On Wed, 2004-06-16 at 11:55, Eric A. Hall wrote:
On 6/16/2004 12:39 PM, Douglas Otis wrote:
Blocking mail would be bad as static information is not comprehensive
nor would tracking all possible avenues be practical to administer.
I think that is a per-domain judgement call. I only send mail through my
mail server, so for me:
C: MAIL-FROM: <ehall(_at_)ehsco(_dot_)com>; SERVER-IP: 22.214.171.124
and all other combinations are NO.
If you are the only one using the domain, then it could be possible to
list all servers you "think" you are using. In doing so, you may
discover SMTP has been intercepted and will then need to list machines
your provider use. The policy for these machines will likely not check
for your oddly closed record as being impractical on a message basis and
often without benefit with most lists being declared open. This means
if you take the step to include these machines in your record, as must
be done in a closed list, then anyone using this information would know
how to forge your mail. : (
Other domains may want to return UNKNOWN as a default case.
Other domains would not be queried except when you reference your
provider. To keep their clients from having mail lost, their lists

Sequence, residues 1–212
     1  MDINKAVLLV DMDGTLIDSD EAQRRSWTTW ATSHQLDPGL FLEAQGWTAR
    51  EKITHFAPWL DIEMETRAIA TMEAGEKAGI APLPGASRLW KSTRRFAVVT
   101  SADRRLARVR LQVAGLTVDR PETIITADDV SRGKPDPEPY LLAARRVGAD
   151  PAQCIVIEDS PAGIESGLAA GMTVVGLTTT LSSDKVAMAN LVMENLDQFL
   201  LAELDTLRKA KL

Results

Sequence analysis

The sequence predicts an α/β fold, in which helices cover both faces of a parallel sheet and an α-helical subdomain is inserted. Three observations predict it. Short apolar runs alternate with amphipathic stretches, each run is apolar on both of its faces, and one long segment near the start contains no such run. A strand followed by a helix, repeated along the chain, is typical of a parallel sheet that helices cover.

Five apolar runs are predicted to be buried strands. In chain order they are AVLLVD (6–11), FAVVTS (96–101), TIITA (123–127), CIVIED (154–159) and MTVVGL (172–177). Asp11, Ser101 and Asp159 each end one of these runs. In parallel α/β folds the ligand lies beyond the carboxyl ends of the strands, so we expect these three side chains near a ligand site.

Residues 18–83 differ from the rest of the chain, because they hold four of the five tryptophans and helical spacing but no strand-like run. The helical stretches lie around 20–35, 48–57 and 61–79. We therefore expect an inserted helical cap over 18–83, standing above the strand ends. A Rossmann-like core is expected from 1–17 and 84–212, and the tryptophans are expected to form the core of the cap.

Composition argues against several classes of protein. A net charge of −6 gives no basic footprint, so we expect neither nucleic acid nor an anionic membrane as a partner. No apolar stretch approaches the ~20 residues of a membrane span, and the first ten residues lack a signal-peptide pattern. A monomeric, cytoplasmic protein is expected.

would be open, so then it really does not matter where the mail comes
from, nor what the headers contain. The mail may not get a check mark,
but could, if it was also directed through these machines. A mark that
should not be trusted. : (
Anyway, as with SPF, the only really useful receiver-side response is NO,
UNKNOWN is meaningless and anybody can return a YES.
For a large system, the result will likely be Perhaps or Unknown.
There could be a system for those "off the reservation" to mail this
"domain of record" a notice to accept mail sent from their current
location, if it contained a valid signature perhaps. This could be
treated like a cache where this information would expire after so many
Receiver-side caching is part of the problem IMO. I mean, folks are shying
away from disk-based caching because they don't want to tell people that
500 mb of disk space is going to be needed, but are happy to push it to
DNS where that 500 mb of RAM is out-of-sight, out-of-mind, and thus ok.
I suspect this estimate to be high. Using a key method becomes
practical once query constraints of DNS are removed.
(out of scope for this wg)
This draft suggests use of user keys. The size could be relatively
small. Perfect for the MUA, much like browser cookies.
The next problem would be DoS. Can this be done using UDP?
DoS is a fact of life for every service.
Except that this DoS could result without hostile intent, making
spoofing even more painful that early adopters will need to endure.